The parties argued at length, but this Court does not reach, the issue of whether
comments, deliberations and “wrestling” with issues by the Planning Board or Committee, in the absence of expert opinion, sworn testimony or other substantial evidence that directly supported their decisions in this case, could have constituted substantial evidence in the record sufficient to validate the designation. The argument to the contrary appears to have some force. In the event Maplewood and its Planning Board seek to include the Evans or Rivco properties in a redevelopment area again, this Court urges them to spare themselves the frustration, and this Court the burden, of reasoning through this admittedly interesting issue, by taking care to firmly ground the deliberations in sworn testimony and other undeniably substantial evidence on the record. (Slip Opinion at page 7)

The court further recognized that Gallethin settled an aspect of the redevelopment law that must be upheld:

Although not reaching the substantial-evidence issue as briefed by the parties, this Court cautions Maplewood that the arguments about the lack of an adequate record have merit. The process followed in this case is uncomfortably close to what Gallenthin warned against:

Although issues of law are subject to de novo review, municipal redevelopment designations are entitled to deference provided that they are supported by substantial evidence on the record. The substantial evidence standard is not met if a municipality's decision is supported by only the net opinion of an expert….

In general, a municipality must establish a record that contains more than a bland recitation of applicable statutory criteria and a declaration that those criteria are met. Because a redevelopment designation carries serious implications for property owners, the net opinion of an expert is simply too slender a reed on which to rest that determination.
Gallenthin, supra, 191 N.J. at 372-73. (emphasis added)

As noted above, the application of the substantial evidence standard to this case presents a number of interesting issues. Maplewood and its Planning Board are urged to avoid the expenditure of time and money involved in resolving those issues, by making sure future decisions are expressly based on substantial evidence that is undeniably in the record, sworn, and supported by expert opinion not susceptible to characterization either as net opinion (for example, unelaborated references to properties as “moribund” or lacking in “charm”), or as observations made outside the record.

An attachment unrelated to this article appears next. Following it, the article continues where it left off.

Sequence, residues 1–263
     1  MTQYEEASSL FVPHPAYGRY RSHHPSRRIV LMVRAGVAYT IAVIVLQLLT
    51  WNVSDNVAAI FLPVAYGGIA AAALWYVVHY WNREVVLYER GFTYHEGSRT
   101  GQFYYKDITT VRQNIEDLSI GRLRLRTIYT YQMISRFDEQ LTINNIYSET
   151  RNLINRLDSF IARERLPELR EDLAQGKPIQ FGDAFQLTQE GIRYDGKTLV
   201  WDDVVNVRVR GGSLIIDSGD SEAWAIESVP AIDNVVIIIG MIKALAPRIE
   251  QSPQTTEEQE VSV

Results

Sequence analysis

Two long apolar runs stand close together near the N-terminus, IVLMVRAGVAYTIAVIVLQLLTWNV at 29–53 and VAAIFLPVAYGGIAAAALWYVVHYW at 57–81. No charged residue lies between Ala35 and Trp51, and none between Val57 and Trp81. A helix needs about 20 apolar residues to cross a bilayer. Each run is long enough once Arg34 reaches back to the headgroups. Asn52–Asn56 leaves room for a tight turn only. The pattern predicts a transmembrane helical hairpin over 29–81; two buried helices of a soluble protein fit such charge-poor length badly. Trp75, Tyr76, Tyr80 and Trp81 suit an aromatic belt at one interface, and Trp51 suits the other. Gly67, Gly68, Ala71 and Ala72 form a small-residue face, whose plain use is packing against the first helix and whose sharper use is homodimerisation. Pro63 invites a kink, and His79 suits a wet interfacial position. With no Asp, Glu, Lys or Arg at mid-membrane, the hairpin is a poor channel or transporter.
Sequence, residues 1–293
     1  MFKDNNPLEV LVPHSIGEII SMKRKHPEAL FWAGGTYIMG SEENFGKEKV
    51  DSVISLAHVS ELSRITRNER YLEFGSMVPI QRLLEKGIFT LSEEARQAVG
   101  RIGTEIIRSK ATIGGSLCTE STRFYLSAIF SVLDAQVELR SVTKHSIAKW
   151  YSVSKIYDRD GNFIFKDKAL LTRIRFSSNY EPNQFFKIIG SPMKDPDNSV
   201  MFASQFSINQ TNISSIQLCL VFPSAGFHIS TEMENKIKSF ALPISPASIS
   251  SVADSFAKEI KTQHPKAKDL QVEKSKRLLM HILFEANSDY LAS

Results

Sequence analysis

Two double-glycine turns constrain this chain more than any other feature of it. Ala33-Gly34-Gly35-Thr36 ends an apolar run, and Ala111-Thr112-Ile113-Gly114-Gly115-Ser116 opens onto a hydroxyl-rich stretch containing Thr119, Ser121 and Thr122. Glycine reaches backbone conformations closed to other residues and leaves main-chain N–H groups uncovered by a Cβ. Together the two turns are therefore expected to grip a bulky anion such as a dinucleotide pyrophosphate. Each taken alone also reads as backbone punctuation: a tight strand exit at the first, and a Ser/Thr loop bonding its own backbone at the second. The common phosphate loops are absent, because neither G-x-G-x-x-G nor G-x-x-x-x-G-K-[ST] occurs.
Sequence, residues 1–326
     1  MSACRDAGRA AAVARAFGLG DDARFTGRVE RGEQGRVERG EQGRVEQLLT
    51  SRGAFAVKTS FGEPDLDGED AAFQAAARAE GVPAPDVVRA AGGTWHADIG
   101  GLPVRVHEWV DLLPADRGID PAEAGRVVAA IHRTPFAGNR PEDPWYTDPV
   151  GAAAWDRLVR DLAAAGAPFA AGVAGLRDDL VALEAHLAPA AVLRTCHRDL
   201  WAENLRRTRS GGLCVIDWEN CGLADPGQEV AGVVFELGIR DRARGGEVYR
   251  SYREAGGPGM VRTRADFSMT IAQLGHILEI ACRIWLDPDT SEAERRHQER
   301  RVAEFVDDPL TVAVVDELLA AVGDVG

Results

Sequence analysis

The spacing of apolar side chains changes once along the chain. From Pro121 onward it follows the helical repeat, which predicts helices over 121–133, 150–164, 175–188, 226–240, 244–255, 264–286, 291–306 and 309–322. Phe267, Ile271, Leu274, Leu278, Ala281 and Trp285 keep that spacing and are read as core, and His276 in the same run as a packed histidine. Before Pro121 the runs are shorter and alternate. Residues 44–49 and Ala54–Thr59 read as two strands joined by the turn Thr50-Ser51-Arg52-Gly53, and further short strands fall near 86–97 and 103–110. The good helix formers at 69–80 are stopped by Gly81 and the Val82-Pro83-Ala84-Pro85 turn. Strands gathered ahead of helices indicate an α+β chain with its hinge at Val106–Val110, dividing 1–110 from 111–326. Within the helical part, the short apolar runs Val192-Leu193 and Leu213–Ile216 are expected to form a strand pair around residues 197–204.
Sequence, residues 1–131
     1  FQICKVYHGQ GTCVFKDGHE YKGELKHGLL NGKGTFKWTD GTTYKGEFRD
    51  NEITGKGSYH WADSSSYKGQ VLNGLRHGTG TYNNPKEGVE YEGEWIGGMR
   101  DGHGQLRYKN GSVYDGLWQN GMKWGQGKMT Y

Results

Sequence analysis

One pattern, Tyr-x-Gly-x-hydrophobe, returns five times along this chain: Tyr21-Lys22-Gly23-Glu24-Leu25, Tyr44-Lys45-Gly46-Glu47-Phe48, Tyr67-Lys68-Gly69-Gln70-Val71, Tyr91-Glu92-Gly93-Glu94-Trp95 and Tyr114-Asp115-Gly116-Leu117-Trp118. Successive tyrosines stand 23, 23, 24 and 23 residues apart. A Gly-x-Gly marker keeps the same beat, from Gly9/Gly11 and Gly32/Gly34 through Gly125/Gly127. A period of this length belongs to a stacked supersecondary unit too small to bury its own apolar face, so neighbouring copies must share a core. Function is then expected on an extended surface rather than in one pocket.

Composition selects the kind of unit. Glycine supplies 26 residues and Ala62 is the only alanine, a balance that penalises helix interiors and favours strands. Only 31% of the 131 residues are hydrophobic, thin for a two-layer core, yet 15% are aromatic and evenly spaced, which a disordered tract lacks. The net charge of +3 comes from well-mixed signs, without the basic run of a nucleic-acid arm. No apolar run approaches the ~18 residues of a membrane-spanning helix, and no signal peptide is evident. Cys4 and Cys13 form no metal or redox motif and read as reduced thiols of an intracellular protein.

To date, there have been seven significant decisions in New Jersey, circa-Gallethin,  that focus on the determination of blight and the use of eminent domain under the LRHL. The decisions in Lodi, Bloomfield, Newark, Belmar, Camden and Maplewood demonstrate that the courts will not accept or give deference to municipal blight declarations which are not supported by substantial, credible evidence. The message is clear: the New Jersey courts are looking at these prerogative writs actions and expert testimonies through the lens of Gallenthin. As a consequence, municipalities that present evidence less than required by Gallenthin are subject to losing their blight designations and redevelopment projects.

Written By:Andrzej Makuch On August 10, 2007 5:29 PM

While recent court decisions have been hailed as victories for property owners in the press; true legislative reform seems to have stalled on the state level. Would it be possible, or even legal, to lobby local governments to pass ordinances limiting their ability to use eminent domain? Could a municipality, in effect, give up a right provided by state law and make it illegal to use eminent domain for private-to-private tranfers of property ? I'm not an attorney, so I hope you will pardon my naive comment.